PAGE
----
Social media, tipping points and revolutions
The issue of whether — or how much — social-media tools such as Facebook and Twitter influenced the “Arab Spring” revolutions in Egypt and elsewhere has been a contentious one since the first rock was thrown in Tunisia earlier this year. But as more experts have studied the events in those countries, it has become increasingly clear that social tools and networks played a fairly critical role in helping turn what had been undercurrents of dissent into open revolt. Although they didn’t cause those revolutions to happen by any means, it’s arguable that they would never have happened — or at least would have happened in very different ways — if it wasn’t for the use of Facebook and other forms of social media.
Blogger and “open data” advocate Aaron Swartz — an early employee of the link-sharing community Reddit who is facing a lawsuit over the downloading of thousands of academic documents via the MIT computer network — has summed up his view of the role that social tools played by comparing them to the functional steps required for a revolution, as described by social and political theorist Jon Elster. In Elster’s view, any revolution goes through four distinct phases, each of which is necessary for a full revolution to occur, and Swartz describes them in this way:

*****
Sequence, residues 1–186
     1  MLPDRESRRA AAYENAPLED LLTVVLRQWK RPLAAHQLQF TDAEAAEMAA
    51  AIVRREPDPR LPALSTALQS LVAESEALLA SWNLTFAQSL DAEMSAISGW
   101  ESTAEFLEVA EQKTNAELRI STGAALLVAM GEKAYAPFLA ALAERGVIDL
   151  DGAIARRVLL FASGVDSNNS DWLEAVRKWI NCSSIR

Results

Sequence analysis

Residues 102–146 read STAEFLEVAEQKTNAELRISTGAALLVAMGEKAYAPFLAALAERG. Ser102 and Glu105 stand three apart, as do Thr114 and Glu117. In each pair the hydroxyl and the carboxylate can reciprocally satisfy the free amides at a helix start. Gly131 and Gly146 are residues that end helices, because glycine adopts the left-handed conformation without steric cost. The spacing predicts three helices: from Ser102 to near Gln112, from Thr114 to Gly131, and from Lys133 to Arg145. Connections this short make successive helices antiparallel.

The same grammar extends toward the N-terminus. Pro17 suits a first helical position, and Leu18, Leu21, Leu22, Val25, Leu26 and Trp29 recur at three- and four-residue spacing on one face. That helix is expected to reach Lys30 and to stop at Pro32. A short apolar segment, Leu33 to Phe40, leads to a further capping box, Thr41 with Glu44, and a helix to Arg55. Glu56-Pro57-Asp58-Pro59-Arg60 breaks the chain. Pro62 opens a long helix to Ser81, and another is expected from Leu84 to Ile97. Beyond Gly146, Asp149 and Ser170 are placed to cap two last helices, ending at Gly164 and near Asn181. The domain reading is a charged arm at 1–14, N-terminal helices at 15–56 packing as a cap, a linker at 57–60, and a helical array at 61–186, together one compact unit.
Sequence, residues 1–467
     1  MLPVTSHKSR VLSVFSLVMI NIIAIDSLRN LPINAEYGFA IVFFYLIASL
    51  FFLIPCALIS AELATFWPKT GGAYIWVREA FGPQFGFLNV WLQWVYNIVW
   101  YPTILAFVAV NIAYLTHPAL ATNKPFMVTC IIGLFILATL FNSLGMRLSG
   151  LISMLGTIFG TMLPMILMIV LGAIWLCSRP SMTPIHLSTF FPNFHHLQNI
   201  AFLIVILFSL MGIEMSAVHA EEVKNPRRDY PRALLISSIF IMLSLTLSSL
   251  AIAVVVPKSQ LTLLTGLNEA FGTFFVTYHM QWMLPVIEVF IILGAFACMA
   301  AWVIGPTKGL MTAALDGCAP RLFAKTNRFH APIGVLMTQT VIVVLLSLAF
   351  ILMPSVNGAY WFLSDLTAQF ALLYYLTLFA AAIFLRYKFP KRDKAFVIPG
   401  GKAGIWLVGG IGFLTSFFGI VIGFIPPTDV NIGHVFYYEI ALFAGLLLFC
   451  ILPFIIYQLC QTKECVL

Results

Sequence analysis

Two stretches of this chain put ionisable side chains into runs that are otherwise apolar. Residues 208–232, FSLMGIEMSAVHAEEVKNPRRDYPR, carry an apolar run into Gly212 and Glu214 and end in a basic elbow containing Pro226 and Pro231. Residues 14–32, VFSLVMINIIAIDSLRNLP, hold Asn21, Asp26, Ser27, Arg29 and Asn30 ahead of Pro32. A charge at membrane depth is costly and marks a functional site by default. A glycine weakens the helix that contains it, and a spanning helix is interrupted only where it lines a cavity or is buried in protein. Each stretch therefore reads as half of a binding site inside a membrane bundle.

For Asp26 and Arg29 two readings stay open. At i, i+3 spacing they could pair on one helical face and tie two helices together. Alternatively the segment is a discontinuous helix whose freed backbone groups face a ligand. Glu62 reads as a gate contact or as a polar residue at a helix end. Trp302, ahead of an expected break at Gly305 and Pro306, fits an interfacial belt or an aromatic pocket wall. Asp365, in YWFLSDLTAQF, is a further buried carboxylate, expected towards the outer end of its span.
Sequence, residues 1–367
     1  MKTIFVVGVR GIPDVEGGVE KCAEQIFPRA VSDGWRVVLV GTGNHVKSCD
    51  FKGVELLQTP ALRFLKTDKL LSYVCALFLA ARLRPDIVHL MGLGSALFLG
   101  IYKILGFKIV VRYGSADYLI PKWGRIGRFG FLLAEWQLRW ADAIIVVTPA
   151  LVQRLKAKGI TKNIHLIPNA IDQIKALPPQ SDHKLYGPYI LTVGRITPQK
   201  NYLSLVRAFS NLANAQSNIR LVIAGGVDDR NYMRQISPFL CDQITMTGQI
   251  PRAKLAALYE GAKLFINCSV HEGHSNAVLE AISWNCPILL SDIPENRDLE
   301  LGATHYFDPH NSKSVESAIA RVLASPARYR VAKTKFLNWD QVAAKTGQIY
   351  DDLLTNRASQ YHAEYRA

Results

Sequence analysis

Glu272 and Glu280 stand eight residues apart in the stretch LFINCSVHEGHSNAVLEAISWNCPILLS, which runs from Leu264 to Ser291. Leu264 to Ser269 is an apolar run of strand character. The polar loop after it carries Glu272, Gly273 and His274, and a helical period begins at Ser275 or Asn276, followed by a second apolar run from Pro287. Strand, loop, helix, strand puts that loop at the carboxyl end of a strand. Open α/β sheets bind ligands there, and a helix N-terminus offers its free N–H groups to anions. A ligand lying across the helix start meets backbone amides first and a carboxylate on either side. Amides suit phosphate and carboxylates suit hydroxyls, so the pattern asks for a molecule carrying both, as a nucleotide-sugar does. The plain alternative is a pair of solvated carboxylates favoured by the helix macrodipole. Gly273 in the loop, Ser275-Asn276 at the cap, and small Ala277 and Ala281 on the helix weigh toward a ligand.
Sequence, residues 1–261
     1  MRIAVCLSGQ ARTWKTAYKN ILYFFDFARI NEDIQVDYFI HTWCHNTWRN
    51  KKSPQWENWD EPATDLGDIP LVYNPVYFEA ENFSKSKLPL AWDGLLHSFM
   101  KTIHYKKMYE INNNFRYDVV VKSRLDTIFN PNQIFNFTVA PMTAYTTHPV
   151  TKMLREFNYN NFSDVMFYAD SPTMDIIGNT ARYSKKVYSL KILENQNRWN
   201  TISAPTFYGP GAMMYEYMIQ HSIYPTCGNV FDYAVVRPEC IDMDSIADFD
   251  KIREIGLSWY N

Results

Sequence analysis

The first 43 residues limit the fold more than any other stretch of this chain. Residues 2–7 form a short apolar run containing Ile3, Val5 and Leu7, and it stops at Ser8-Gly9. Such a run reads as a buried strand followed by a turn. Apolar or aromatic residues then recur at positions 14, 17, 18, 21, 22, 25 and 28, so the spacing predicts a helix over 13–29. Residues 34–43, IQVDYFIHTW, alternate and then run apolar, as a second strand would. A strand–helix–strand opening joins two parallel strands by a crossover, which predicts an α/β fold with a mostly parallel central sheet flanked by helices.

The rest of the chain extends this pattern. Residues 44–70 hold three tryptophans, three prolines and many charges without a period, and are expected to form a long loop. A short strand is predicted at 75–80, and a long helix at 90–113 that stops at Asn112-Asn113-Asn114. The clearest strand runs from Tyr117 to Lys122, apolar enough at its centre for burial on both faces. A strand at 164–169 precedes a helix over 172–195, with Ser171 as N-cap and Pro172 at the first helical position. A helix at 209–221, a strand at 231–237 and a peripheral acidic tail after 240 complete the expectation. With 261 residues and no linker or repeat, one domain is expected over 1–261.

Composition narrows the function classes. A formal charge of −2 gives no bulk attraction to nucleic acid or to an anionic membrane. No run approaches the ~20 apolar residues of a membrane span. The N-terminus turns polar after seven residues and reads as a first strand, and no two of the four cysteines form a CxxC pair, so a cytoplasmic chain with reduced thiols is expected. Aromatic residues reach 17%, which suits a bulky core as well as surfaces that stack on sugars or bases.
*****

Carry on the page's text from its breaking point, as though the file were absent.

- A core group of committed activists get together to “do something completely crazy.”
- The government cracks down, and this behavior makes people who are sympathetic to the cause “rally to the support of the crazy ones.”
- As the protests continue and it looks as though they might have some tangible effect, at some point “it seems worth it even for just normal reasonable people to start joining in.”
- Eventually, the protests become so large that “even their opponents pretend to be part of them, so as not to be on the wrong side of history.”
In Swartz’s view, social media definitely helps with both number 1 and number 2 on that list, since it helps the core group of devoted revolutionaries find each other and share information, and form a committed community. As the former Reddit staffer puts it, the internet has “brought together groups of crazy committed people about every other topic, from Smallville slash fiction to high-energy astrophysics,” so it makes sense that it would also help revolutionaries and dissidents connect with each other and organize. The third and fourth items on the list are where traditional media typically picks up the ball, he says, and that’s usually when a revolution tips over into inevitability.